During WWII a bomb plant disguised as the United Wallpaper Company was located on Parker Road and that the bombs were shipped out of Long Valley at night on the Central Railroad.

Scenes from “The Miracle Worker” movie were filmed here in Long Valley on Gilbert Hemmings farm on East Mill Road and the cast ate at the Long Valley Inn.

Naughright Road and Naughtrightville were named for William Naughright who settled in that area in 1793 – and that his direct descendants still live there.

Lake George in Schooley’s Mountain Park was once called Electric Light Pond and the water from the lake produced electricity for German Valley/Long Valley until the early 1920s.

Celeste Holm lived in the area of Pleasant Grove and was the Grand Marshall of the 1988 Washington Township 250th celebratory parade.

The Glen Tea Room on Schooley’s Mountain was known for its waffles and had such dedicated patrons as Thomas Edison and Rudy Vallee.

The Schooley’s Mountain resort area of Schooley’s Mountain rivaled Newport, RI and Saratoga Springs, NY and laid claim to such distinguished visitors as the Roosevelts, Astors and Ulysses S. Grant.

The chalybeate water on Schooley’s Mountain was known as some of the purest in the world and its healing powers led to Schooley’s Mountain being one of the first and finest resort areas in America.

The Schooley’s Mountain General Store is one of the oldest continuously run general stores in America and was started by Joseph Heath.

The turn on Schooley’s Mountain Rd. was also known as Big Turn at the Big Rock… and the Jersey Terror.

The Washington Twp. Municipal Building was built in 1886 as the second school in German Valley.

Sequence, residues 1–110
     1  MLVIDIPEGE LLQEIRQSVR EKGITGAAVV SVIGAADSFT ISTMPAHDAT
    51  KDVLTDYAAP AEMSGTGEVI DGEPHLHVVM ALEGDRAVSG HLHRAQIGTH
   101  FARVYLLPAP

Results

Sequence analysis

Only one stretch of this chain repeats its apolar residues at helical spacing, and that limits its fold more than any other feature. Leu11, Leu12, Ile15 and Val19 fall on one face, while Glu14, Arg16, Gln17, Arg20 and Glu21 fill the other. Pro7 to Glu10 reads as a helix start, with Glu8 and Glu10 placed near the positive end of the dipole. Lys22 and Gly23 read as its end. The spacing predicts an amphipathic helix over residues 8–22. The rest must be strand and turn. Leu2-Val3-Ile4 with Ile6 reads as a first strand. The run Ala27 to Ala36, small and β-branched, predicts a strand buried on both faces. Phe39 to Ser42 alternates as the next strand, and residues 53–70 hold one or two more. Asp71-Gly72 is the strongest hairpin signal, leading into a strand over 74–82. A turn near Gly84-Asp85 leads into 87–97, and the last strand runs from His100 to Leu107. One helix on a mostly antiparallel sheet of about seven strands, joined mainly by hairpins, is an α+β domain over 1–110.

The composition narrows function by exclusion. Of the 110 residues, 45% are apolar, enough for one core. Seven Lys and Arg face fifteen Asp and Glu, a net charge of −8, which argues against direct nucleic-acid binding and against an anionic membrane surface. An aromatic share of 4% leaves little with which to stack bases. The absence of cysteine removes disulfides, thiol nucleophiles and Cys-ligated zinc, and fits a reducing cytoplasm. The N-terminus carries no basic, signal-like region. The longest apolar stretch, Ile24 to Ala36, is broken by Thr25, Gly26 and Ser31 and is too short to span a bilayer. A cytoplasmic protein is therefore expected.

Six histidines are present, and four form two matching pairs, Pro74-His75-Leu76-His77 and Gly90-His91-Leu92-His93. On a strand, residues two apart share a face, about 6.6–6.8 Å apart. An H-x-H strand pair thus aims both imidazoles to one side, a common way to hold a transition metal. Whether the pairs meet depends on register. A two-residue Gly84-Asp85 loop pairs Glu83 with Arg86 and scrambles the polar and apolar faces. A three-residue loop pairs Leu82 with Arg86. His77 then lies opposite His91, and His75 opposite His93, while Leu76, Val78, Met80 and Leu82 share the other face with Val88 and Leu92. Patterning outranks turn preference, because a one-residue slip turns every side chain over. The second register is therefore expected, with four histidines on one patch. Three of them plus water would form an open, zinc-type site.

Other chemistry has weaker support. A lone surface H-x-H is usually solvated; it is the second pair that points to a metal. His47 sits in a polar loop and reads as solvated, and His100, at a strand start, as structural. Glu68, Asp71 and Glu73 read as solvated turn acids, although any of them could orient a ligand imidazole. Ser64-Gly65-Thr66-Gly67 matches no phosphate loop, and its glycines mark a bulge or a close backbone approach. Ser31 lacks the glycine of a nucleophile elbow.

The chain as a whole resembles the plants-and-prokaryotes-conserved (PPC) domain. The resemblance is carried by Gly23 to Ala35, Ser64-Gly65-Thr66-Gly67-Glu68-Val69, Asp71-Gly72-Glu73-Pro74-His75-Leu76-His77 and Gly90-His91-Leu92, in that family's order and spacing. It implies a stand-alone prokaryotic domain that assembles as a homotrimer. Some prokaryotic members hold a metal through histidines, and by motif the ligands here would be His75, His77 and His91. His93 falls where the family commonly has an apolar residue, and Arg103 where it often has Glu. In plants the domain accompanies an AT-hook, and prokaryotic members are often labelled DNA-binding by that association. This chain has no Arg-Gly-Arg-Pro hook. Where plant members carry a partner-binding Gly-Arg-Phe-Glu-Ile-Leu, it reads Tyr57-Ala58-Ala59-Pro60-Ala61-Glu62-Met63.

The Washington Township Historical Society Museum was built in 1830 and is the oldest surviving school in Long Valley.

The Old Stone Union Church was built in 1774 and was the site of the pastorate of Henry M. Muhlenburg DD – known as the Father of Lutheranism in America.

Louis Richard Schoenheit lived in the Old Fort was part of the honor guard at President Lincoln’s funeral.

The Obadiah Latourette Grist and Saw Mill was built c 1750 and also housed the offices of Dr. Eugene Blass of the Eastern American Oxygen Therapy Association after WWII.

The Long Valley Inn at the intersection of East and West Mill Roads was certainly in existence during the Revolutionary War – and that Albert Einstein used to come to the inn for Sunday chicken dinners.

The Neighbour House B & B on West Mill Road was most likely built by Jacob Weisse Neighbour, a direct descendant of Leanhart Nachbar, one of the founding fathers who arrived in 1738.

The Central Railroad of NJ – High Bridge Branch ran through Washington Township from 1876 to 1976 and there were four main stations.

The spooky house on West Mill Road was once a humane institute for the mentally insane run by Dr. Ebenezer K. Sherwood.

The brick and stone chimney on West Mill Road is all that remains of what was once John Miller’s Blacksmith shop.

In 1932, the New Jersey Senate made a proposal to form a reservoir between Schooley’s Mountain and Fox Hill which would have flooded virtually the entire valley.

The Raritan Inn was once the home of Lawrence Hager Trimmer who built his lovely Victorian home over the foundation of the original Schwachhamer homestead.

Our township was started in the Middle Valley area in 1732 by Samuel Schwachhamer.

The Lenni Lenape referred to this area as Long Valley. It has been known through its history as Budd Valley, Dutch Valley and German Valley. During WWI the residents chose t

Henry Muhlenberg (1711-1787), founder of Lutheranism in America, established a congregation in German Valley, which met at the Old Stone Church.

Long Valley was actually first called German Valley, when it was settled in the 1700s by immigrants from Saxony, Germany. It was renamed Long Valley during World War I.

President US Grant stayed at a hotel that once existed on Schooley’s Mountain